What would happen if these extraordinary measures were exhausted, and the government actually ran out of money, has never been tested, but we may soon find out. During 2013, the US government hit its debt ceiling in May, and the extraordinary measures are expected to reach their limit on 17 October. If the debt limit is not extended then the US government would presumably default on its obligations – and nobody knows what would happen in such a situation because it has never occurred before, although the economic repercussions could be very serious.
Does the US debt limit protect future generations from being burdened with too much debt?
Although it is an interesting idea, there are a number of problems with the US debt ceiling which appear to prevent it from protecting future generations successfully.
First and foremost, the proof of the pudding is in the eating, and the US national debt has kept on rising over recent decades despite the presence of the debt ceiling. The current debt limit is a colossal $16.7 trillion (£10.5 trillion) and this was exceeded in May.
The bigger problem with the debt ceiling is that it has turned the issue of the US national debt into a political bargaining chip between the two main parties. Generally speaking, since the end of the Gephardt Rule in 1995 Republicans have threatened to vote against increasing the debt ceiling during Democratic presidencies unless the Democrats agree to cut welfare spending, while Democrats have used the same tactic to try to get the Republicans to reduce their allocations for defence spending.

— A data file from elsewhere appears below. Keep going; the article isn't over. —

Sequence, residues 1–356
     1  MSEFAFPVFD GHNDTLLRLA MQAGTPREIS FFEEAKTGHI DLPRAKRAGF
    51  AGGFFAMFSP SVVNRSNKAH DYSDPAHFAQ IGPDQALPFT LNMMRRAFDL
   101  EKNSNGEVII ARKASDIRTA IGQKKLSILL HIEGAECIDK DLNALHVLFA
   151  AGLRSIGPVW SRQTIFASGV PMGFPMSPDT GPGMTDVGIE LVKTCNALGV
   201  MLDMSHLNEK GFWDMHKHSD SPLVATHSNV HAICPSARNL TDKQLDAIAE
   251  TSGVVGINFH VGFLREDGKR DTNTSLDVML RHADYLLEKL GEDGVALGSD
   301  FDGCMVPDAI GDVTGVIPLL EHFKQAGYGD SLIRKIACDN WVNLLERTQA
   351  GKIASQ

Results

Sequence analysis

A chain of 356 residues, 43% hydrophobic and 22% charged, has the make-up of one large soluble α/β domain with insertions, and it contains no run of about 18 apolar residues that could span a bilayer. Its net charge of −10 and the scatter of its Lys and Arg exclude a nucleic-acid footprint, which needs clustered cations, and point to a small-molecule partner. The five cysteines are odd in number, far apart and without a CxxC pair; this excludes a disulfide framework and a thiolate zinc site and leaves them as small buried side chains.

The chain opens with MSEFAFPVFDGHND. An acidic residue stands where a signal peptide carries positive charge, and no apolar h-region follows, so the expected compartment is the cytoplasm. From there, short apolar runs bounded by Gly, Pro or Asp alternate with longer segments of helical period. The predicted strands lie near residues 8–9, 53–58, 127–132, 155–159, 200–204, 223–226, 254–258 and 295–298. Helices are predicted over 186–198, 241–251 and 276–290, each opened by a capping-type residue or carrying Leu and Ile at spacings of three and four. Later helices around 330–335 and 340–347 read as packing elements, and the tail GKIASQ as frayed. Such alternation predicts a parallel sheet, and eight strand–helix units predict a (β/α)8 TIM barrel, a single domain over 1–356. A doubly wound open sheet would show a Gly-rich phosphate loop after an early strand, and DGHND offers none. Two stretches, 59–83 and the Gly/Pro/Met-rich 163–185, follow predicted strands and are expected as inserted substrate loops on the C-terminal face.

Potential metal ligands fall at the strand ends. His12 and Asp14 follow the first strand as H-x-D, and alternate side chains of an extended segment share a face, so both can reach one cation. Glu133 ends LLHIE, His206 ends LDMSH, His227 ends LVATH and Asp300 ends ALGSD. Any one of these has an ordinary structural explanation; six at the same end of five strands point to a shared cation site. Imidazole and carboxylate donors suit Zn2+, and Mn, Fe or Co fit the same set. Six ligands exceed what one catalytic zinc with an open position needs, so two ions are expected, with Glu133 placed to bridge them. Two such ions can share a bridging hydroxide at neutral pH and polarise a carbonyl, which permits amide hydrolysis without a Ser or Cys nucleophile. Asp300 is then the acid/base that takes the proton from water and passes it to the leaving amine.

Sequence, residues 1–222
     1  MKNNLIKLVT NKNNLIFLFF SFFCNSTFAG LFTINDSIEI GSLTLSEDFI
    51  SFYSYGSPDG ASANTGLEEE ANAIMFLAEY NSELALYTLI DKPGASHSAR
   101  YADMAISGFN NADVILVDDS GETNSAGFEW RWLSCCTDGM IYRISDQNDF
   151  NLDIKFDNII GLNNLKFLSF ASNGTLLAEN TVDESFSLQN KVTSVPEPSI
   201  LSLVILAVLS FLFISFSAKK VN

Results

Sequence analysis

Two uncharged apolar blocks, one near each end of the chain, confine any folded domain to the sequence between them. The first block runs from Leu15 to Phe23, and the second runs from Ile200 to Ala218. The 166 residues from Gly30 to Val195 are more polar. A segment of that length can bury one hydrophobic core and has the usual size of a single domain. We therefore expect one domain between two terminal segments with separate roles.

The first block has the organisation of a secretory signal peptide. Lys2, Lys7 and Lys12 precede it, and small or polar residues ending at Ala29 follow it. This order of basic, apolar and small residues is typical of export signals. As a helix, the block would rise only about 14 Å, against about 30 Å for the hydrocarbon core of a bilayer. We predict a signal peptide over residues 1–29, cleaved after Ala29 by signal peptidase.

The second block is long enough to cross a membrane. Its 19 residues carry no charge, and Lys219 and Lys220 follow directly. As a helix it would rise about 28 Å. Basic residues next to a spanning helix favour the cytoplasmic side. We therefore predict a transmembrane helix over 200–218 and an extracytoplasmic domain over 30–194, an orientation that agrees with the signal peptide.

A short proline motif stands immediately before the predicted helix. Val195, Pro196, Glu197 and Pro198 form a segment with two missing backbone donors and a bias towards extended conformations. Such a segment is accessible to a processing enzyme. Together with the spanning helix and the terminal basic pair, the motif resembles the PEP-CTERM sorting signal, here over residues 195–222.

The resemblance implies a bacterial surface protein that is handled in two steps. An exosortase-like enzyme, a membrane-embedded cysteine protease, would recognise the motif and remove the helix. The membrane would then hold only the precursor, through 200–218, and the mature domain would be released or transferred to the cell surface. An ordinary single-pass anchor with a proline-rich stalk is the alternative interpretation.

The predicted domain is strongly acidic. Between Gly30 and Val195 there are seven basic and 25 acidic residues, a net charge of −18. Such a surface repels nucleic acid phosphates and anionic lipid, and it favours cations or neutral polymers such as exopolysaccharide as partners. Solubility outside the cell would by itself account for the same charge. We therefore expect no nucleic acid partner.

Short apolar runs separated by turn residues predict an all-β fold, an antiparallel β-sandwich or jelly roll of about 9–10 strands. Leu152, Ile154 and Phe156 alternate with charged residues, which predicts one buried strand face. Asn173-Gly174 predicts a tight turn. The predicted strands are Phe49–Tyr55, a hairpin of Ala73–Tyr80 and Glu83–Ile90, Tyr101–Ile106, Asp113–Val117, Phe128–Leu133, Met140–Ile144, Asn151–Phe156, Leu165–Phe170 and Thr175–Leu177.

In recent years – including at present – there have been a number of dramatic stand-offs between the two parties over increasing the debt ceiling. In 2011 the country came so close to defaulting on its debts that the USA’s credit rating was downgraded for the first time ever. It is widely-acknowledged that putting the risk of government default in the hands of argumentative politicians does a lot of damage to investor confidence.
Unfortunately, these periodic political crises over raising the debt ceiling demonstrate that they do little to encourage a genuine sense of concern for the long-term among America’s political classes, as both sides usually resolve the situation by cobbling together a short-term increase at the eleventh hour which merely postpones dealing with the bigger problems for a few more years. It also doesn’t include off-balance-sheet liabilities such as pension payments, which are often much higher than the headline figures for national debt and create a burden for future generations which is just as iniquitous.
Although the US debt ceiling definitely has the advantage of making the national debt into a higher profile political issue than it might be otherwise, all these other problems are a steep price to pay for that benefit.
In conclusion, although we need to find some means of ensuring that the interests of future generations are recognised in today’s political debates, a US-style debt ceiling ultimately has too many other problems to be a viable solution. Finding a means of getting today’s politicians to genuinely think about the longer-term remains one of the key challenges for intergenerational fairness, but there has to be a better solution than this one.